In November 1990, the passionate and intense ex-jock — the young man who once trained to do a mile-long swim, bicycle 125 miles and run a 26-mile marathon all in the same day — got into his Honda sedan and drove straight from Detroit to Birmingham, Ala. But what happened next was not exactly a slam-dunk.

“I got to EWTN and saw the nuns in their habits walking in the courtyard behind the gates,” he recalls. “I froze; I chickened out. I couldn't go in. Instead, I went out and got a hotel room for the night.”

In his hotel room that night, he says, he wrestled ferociously with the lies of the devil, who taunted him over his “unworthiness” to be among the truly holy people he'd seen earlier that day. The experience was very disconcerting, yet, the next day, trusting Our Lady to lead him, he put one foot in front of the other and went back to the community. For good, as it turned out.

After studying for the priesthood at St. Charles Borromeo Seminary in Philadelphia, he was ordained a priest, a Franciscan Missionary of the Eternal Word, on May 30, 1998.

It was a good move for him — and for the many people to whom he has ministered since. Margaret Ann Berry of Birmingham credits Father Francis Mary with being a particular channel of God's grace in her life. As a child, she was sexually abused. It was a dark secret she had kept hidden from everyone in her life. “God used Father Francis as an instrument in my life,” she says. “One of his homilies gave me the courage to talk about my past, to get it out so the Lord could heal me. I don't even remember the words of the homily. All I know is that God spoke to me through his words.”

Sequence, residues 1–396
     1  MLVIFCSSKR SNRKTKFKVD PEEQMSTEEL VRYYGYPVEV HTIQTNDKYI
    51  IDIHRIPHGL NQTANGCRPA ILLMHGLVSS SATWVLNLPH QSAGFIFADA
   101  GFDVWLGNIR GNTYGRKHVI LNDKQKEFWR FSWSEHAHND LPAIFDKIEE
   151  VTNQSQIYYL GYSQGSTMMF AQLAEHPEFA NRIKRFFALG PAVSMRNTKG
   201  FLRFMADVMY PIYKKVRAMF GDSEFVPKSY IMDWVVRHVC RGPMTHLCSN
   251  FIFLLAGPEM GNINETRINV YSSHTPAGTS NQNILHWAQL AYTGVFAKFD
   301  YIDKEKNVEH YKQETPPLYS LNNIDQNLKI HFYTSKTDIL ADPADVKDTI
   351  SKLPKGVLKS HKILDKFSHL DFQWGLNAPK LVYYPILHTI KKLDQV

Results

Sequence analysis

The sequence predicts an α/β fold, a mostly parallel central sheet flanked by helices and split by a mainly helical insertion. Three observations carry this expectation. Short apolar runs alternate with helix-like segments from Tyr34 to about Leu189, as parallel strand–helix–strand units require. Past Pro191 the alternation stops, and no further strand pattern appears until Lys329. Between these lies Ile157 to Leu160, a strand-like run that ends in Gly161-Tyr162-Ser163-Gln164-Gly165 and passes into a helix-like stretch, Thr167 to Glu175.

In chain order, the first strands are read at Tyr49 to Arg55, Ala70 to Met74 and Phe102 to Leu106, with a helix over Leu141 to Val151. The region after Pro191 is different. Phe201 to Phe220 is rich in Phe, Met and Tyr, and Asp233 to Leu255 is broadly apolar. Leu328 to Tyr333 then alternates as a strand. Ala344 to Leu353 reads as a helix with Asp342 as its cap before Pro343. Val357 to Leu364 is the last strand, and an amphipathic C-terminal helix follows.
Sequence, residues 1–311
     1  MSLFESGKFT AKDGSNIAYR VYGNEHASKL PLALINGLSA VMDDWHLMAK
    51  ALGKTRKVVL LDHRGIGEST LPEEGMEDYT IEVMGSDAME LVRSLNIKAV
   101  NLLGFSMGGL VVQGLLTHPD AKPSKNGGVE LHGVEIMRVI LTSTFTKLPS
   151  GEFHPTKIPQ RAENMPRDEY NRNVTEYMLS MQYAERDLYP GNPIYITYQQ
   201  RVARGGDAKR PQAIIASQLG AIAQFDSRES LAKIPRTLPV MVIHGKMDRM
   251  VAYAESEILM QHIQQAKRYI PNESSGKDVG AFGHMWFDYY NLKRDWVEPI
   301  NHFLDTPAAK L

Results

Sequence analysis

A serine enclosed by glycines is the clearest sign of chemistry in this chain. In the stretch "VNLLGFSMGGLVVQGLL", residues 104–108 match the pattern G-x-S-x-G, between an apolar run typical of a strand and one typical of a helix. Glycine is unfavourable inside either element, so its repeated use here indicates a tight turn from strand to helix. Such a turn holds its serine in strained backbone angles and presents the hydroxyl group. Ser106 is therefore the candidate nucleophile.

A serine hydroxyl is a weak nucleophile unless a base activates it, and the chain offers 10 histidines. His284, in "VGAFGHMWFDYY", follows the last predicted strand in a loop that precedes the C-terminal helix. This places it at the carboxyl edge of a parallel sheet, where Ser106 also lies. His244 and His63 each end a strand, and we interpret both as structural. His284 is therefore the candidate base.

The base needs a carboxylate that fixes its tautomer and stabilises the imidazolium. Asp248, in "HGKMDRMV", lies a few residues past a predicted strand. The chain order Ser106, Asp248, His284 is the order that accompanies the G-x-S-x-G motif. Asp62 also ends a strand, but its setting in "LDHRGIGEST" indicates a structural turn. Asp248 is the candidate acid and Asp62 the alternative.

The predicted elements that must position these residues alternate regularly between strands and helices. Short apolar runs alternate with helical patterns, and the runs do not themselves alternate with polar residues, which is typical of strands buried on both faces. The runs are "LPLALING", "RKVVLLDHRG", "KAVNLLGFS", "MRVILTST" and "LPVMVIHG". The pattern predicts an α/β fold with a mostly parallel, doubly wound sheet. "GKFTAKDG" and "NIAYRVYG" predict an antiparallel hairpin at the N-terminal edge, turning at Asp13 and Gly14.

Father Frederick Miller specializes in spiritual direction at the North American College and he also teaches at the Angelicum, the Dominican seminary in Rome. He has known Father Francis Mary for many years and has been his spiritual director, and he speaks with obvious joy about the caliber of men like Father Francis Mary who are answering the call to priesthood today.

“The priest's role is to teach, sanctify and lead the people so that the laity will be able to transform the culture and society at large,” says Father Miller. “As a priest, Father Francis Mary understands that; he is very clear about it in his own life as a priest.”

In his role as host of “Life on the Rock,” Father Francis Mary is present in a rugged yet gentle and open manner to his guests. His Christlike way, they say, puts them at ease, helping them joyfully witness what Christ has done in their lives — on air, live, before a potential audience of millions.

As for personal goals, the former basketball hotshot and physical-fitness fanatic now simply wants to be faithful, as a priest, in living and proclaiming the Gospel of Jesus Christ without compromise.

“I will be successful as a priest,” says Father Francis Mary, “if I faithfully pass on the fullness of the Church's deposit of faith. If I am faithful in doing that, the Lord will do the rest.”

Wally Carew, author of Men of Spirit, Men of Sports, writes from Medford, Massachusetts.